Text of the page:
A good bar is a rare and beautiful thing and David McLean, the owner of Alembic, a new bar on Haight, has made all right decisions.
A veritable library of artisan spirits, many local and distilled in small batches, are catalogued on blackboards suspended on pulleys above the bar. Composed cocktails ($9), like a well proportioned negroni, satisfy traditionalists, while new-school concoctions, effusively described on their own menu, cater to whomever. The selection of beer, ales, sake and wines gets no less attention.
Glassware and presentation, so central to the ritual of drinking, contribute tactile pleasure. The bartenders, in retro print shirts, calmly plying the floorboards behind the wide, wooden bar, do five things at once but always have time to answer a question or offer advice.
The crew at Alembic (which has been open only a couple of months) has not only mastered the back stories of the booze, but enjoys telling them. They have tasted. They have opinions. They are enthusiastic and intelligent.
(Examiner photo/Jason Steinberg) The drinks are swell and the service is enthusiastic, but it's chef Eddie Blyden's delicious food that will make you want to return to the Haight's hot new Alembic bar.
But it’s the food that gets me high. Eddie Blyden, the Jamaican-born chef who revamped the menu at sister restaurant Magnolia Pub and Brewery down the street, has created an eclectic menu of nibbles and larger dishes meant to be shared. Their common thread is tastiness.
Almost everyone happily munches on a bowl of skinny, crisp French fries tossed in herbs and fresh lemongrass, with a sweet, mustardy dipping sauce ($5). I start with a big deviled duck egg ($1 each) with creamy, mustard-inflected yolk spooned into the middle.
Light, lemony goat cheese fritters ($9), dusted in breadcrumbs, dissolve on your tongue leaving little bits of zest. The fritters come with a charming salad of endive, shaved watermelon radish, apple and walnuts.
In the Haight, vegetarians have their day. Many hot dishes at Alembic are meatless and delicious, like haunting grilled turmeric and ginger mushrooms ($10), kept warm in a miniature cast iron cocotte. Roasted cipollini onionsand Brussels sprouts tossed with hazelnuts in brown butter ($8) is as classic a dish as it is tasty.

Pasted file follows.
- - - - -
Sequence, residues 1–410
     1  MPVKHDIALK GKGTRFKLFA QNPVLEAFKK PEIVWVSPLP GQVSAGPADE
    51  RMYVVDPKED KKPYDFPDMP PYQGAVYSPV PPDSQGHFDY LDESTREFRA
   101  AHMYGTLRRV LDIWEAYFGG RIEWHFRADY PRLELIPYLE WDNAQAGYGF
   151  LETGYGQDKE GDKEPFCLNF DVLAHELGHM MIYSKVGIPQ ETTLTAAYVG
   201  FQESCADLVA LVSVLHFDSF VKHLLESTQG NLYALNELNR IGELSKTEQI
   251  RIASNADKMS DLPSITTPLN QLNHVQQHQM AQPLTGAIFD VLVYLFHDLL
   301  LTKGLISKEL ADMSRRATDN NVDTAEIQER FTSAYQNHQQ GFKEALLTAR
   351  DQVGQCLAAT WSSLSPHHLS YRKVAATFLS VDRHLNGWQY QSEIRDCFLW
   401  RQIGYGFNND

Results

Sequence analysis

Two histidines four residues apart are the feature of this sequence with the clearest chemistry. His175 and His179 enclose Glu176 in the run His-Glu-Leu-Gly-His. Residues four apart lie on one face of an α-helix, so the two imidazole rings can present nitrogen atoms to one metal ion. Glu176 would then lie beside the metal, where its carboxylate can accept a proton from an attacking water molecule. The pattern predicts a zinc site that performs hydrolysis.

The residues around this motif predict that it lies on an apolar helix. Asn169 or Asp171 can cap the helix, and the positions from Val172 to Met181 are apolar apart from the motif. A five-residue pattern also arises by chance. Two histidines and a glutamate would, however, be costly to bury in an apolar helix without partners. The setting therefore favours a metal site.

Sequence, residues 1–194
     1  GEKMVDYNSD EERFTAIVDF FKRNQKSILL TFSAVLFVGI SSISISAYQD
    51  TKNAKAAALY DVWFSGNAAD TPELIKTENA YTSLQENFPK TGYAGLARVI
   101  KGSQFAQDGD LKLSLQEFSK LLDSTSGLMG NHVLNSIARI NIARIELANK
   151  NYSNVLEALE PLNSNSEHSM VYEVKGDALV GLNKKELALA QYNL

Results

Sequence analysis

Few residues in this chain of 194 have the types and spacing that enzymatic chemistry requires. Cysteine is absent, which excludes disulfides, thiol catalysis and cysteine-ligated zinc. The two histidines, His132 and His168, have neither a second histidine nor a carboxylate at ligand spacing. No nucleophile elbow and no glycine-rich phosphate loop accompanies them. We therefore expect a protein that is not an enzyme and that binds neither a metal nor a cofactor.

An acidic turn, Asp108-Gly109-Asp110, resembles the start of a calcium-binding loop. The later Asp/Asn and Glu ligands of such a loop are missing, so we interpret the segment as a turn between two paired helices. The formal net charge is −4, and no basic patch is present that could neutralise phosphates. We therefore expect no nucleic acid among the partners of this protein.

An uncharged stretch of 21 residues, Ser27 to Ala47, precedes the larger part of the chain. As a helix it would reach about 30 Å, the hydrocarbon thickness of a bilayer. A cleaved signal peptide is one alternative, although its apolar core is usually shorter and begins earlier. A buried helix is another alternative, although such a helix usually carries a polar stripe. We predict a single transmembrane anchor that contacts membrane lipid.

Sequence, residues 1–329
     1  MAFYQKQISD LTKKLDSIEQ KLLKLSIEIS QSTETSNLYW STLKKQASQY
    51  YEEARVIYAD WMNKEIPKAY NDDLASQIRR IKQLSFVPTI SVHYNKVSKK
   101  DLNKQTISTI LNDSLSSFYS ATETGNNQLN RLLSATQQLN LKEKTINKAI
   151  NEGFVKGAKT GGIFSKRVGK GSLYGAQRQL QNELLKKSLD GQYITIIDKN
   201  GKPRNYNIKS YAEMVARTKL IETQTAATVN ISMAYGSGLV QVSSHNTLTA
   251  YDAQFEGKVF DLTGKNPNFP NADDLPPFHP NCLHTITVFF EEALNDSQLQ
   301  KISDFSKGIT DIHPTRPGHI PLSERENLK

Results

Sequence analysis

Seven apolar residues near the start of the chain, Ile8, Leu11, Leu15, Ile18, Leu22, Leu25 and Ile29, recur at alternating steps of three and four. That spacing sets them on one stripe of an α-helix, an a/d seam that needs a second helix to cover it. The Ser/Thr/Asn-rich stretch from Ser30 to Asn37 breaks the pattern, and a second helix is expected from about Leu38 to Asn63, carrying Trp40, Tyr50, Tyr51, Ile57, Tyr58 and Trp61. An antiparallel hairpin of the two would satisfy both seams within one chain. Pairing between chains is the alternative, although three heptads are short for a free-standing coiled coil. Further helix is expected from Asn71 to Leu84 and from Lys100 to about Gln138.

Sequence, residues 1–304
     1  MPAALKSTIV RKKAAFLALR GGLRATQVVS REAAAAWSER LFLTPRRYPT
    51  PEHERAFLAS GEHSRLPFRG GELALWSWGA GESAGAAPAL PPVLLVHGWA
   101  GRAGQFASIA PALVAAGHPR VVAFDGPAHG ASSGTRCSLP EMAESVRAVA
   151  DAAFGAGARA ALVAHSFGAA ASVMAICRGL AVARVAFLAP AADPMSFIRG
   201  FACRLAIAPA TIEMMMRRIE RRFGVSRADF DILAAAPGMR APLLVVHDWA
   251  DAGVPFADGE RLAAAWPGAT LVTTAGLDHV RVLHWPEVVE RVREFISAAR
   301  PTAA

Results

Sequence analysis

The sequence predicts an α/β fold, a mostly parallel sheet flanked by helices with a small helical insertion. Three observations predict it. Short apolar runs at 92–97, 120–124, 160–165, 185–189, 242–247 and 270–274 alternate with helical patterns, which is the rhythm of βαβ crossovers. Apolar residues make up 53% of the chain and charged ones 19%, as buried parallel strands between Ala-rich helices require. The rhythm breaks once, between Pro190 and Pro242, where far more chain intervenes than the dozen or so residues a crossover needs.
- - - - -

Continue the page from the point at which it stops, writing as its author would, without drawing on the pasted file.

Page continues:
My favorite dish on the menu, sliders ($10), marries Morocco and California in the most compatible way. Juicy lamb burgers, aromatic with spices, come on toasted country bread slathered with chili-infused aioli, roasted red peppers and chopped black olives. I can attest that fruity red wine goes well with them.
Beer and Scotch drinkers like Lancaster county “cheesesteak,” shredded oxtails atop gravy-soaked toast, topped with creamy, mild cheddar sauce ($18). Also fun is Blyden’s spaetzle ($13), tender/chewy house-made dumplings tossed with bits of rabbit, bacon, mushrooms and gruyere — pure comfort food enlivened with tarragon and mustard.
If you have room for dessert, the blood orange parfait ($7), a thick slab of creamy blood orange ice cream drizzled with caramelly blood orange syrup, is bright in flavor and refreshing.
Alembic’s popularity may be its biggest problem. The place is small, mostly taken up by a bar made from an old Kezar Stadium bench (you can still see the seat numbers etched into the wood), with a few tiny tables in the back and two high round tables in the front. If you don’t hit it right, the wait can be long. People tend to linger. One rye leads to another. The minute you walk in, you know that this is one of those bars where spirits always run high.
Location: 1725 Haight St., San Francisco
Contact: (415) 666-0822, alembicbar.com
Hours: Dinner nightly from 5 p.m. to midnight; lunch Saturday and Sunday from noon to 4 p.m.; bar serves until 2 a.m. nightly
Price range: $4 to $10 for nibbles; $6 to $16 for larger dishes
Recommended dishes: Sliders, deviled duck eggs, turmeric mushrooms, goat cheese fritters, fried chicken quesadillas, orange parfait
Credit cards: All major
Reservations: Not accepted
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